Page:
Loyola University Chicago

Department of Psychology


Kyle Deane

Kyle Deane
Training Track: Clinical
Lab: Risk and Resilience Lab  
Advisor: Maryse Richards, Ph.D. 
Office: Coffey Hall 442


trauma, posttraumatic stress, exposure to community violence, gang violence, risk and resilience, family functioning, childhood and adolescent development, pediatric health psychology, neurological disorders, neurodevelopmental disorders, neuropsychological assessment

Masters Thesis Title

Posttraumatic Stress, Family Functioning, and Adjustment in Urban African American Youth Exposed to Violence: A Moderated Mediation Model

Masters Thesis Abstract

Exposure to community violence is a pressing public health issue that disproportionately impacts poor, urban, and ethnic minority youth. It has been associated with a multitude of negative externalizing and internalizing symptoms, most frequently with posttraumatic stress. This study investigates the role that posttraumatic stress has in mediating the relation between exposure to community violence and other adjustment difficulties. Moreover, because not all adolescents experience these difficulties in the face of significant violence exposure, the study examines the moderating role of family cohesion and support in buffering the effect of violence and posttraumatic stress on later adjustment. A sample of 268 low-income, urban, African American sixth graders living in high crime neighborhoods participated in a three-year longitudinal study measuring the effects of community violence exposure. Family cohesion and daily family support exhibited a protective-stabilizing or buffering effect for several of the proposed outcomes. Posttraumatic stress was shown to mediate the effect of witnessing community violence on subsequent internalizing symptoms and aggression. However, the strength of these indirect effects was dependent on level of family cohesion. The findings provide evidence in support for interventions provided at both individual and family levels. Mental health providers working with this population should be aware of the intertwined nature of chronic exposure to community violence, posttraumatic stress, and subsequent maladaptive outcomes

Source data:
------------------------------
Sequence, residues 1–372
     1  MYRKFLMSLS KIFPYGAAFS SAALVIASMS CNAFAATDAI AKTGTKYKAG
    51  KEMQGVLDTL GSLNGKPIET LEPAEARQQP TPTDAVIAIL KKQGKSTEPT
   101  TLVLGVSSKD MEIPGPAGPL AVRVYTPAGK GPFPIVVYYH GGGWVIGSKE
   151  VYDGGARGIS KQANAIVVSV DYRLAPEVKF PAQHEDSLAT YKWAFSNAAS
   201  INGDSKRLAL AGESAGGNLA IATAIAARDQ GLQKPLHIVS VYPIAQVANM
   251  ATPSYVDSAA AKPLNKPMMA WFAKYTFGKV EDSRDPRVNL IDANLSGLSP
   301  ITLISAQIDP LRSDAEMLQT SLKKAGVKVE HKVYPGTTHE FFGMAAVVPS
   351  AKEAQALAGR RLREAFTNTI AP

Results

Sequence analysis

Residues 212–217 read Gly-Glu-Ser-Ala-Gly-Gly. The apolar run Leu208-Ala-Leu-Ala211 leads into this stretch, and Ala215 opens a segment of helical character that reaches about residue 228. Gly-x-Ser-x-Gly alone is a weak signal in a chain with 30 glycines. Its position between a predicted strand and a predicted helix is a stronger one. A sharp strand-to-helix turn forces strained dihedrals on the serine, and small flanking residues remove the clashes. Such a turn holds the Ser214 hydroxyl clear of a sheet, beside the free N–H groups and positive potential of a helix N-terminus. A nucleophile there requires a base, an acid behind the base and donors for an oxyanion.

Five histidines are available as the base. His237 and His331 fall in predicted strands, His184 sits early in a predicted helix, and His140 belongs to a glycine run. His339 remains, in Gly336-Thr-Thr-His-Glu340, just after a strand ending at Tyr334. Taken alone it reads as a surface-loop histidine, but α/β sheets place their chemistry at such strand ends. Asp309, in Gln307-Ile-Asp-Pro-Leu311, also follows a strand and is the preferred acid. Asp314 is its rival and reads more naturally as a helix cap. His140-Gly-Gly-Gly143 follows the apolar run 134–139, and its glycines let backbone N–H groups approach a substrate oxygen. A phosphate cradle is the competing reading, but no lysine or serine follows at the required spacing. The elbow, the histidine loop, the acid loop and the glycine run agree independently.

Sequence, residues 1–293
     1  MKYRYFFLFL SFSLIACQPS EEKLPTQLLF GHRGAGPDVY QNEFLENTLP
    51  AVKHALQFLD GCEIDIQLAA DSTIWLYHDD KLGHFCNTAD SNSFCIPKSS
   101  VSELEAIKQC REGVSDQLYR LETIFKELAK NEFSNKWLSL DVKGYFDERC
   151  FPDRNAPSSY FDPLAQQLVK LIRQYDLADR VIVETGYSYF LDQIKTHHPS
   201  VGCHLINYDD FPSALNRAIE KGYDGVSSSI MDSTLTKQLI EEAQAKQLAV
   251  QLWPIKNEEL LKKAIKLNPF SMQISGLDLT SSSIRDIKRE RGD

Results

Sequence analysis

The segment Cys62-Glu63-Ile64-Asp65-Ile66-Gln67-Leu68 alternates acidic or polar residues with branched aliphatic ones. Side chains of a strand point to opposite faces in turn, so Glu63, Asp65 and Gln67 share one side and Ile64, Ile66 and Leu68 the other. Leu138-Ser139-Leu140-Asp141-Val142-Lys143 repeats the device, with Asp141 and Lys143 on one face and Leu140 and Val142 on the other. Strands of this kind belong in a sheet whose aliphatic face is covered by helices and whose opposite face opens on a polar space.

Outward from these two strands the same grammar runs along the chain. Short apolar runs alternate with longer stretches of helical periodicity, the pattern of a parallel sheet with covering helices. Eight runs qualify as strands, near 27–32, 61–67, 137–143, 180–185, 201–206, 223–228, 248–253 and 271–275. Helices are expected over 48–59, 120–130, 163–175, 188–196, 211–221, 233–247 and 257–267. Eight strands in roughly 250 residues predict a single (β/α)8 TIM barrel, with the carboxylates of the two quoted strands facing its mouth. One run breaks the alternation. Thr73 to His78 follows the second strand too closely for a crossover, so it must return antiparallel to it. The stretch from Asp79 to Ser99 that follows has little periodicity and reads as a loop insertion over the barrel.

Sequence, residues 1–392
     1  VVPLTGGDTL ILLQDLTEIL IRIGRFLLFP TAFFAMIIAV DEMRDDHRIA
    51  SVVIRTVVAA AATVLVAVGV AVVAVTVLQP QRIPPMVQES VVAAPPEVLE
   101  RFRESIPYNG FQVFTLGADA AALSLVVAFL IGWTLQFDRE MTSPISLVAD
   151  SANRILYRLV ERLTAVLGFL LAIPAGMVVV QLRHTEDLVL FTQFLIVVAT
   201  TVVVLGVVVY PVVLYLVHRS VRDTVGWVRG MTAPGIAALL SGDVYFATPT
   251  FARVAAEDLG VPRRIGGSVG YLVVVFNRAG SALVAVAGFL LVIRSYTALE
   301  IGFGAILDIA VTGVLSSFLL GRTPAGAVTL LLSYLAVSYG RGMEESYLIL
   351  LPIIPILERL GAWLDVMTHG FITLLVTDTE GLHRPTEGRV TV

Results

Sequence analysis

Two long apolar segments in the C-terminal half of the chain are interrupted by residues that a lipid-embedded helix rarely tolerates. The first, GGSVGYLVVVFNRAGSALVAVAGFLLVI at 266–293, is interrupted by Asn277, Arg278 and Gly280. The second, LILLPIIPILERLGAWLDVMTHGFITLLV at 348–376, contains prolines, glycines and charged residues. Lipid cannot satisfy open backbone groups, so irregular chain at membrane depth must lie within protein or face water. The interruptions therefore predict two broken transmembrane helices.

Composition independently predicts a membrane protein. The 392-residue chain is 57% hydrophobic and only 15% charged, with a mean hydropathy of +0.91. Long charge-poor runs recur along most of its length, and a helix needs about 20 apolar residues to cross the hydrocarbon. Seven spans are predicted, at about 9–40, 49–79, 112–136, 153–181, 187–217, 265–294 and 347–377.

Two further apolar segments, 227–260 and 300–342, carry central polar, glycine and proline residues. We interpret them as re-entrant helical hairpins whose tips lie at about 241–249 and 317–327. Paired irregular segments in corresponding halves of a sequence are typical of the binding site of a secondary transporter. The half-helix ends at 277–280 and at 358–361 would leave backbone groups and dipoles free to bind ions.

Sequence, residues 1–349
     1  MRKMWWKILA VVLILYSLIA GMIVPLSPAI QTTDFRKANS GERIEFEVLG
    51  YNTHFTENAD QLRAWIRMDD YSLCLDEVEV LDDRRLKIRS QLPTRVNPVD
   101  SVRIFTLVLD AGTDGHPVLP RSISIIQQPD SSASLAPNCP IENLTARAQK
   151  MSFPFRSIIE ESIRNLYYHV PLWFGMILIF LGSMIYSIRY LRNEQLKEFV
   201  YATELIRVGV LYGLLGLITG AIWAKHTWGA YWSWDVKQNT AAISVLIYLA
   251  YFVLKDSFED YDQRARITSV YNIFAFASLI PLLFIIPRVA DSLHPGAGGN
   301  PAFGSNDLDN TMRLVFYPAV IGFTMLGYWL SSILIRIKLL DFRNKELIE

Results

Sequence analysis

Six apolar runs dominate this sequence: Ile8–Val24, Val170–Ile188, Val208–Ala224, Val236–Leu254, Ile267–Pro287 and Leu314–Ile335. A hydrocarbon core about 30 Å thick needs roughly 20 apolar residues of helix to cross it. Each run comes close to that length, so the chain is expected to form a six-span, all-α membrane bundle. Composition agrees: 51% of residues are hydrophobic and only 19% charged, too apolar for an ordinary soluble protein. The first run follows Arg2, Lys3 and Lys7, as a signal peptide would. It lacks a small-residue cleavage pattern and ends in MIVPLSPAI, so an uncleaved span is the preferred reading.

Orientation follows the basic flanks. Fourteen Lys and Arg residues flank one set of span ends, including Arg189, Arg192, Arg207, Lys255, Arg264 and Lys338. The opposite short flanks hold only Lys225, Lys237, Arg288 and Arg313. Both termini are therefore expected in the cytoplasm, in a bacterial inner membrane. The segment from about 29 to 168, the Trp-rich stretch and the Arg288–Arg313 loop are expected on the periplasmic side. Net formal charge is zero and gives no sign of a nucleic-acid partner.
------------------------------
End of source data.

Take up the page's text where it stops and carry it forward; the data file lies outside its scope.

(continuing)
Masters Thesis Committee

Maryse Richards, Ph.D. and James Garbarino, Ph.D.

Dissertation Title

Examining Exposure to Community Violence, Trauma, Adjustment, and Family Functioning in Youth Living in Low-Income Urban Environments: Differing Methods of Measurement

Dissertation Abstract

The three studies presented in the current proposal seek to address the interlocking nature of exposure to community violence, adjustment difficulties, such as posttraumatic stress, and family functioning among ethnic minority adolescents living in economically disadvantaged and socially toxic neighborhoods. Understanding the nexus and complex interactions between these variables is critical to more effectively address intervention efforts and policy issues in this area. Furthermore, each study in this collection utilizes various methodologies and measurements of violence exposure, its consequences, and familial protective factors, providing a more nuanced understanding of these relationships. These differing approaches address the aforementioned methodological limitations present in the current literature, including inconsistent definitions of violence exposure, overreliance on retrospective questionnaires, cross-sectional designs, and atheoretical foundations, which inhibit a cohesive understanding of the nature and effects of violence. 

Dissertation Committee

Maryse Richards, James Garbarino, Cate Santiago, and David Treering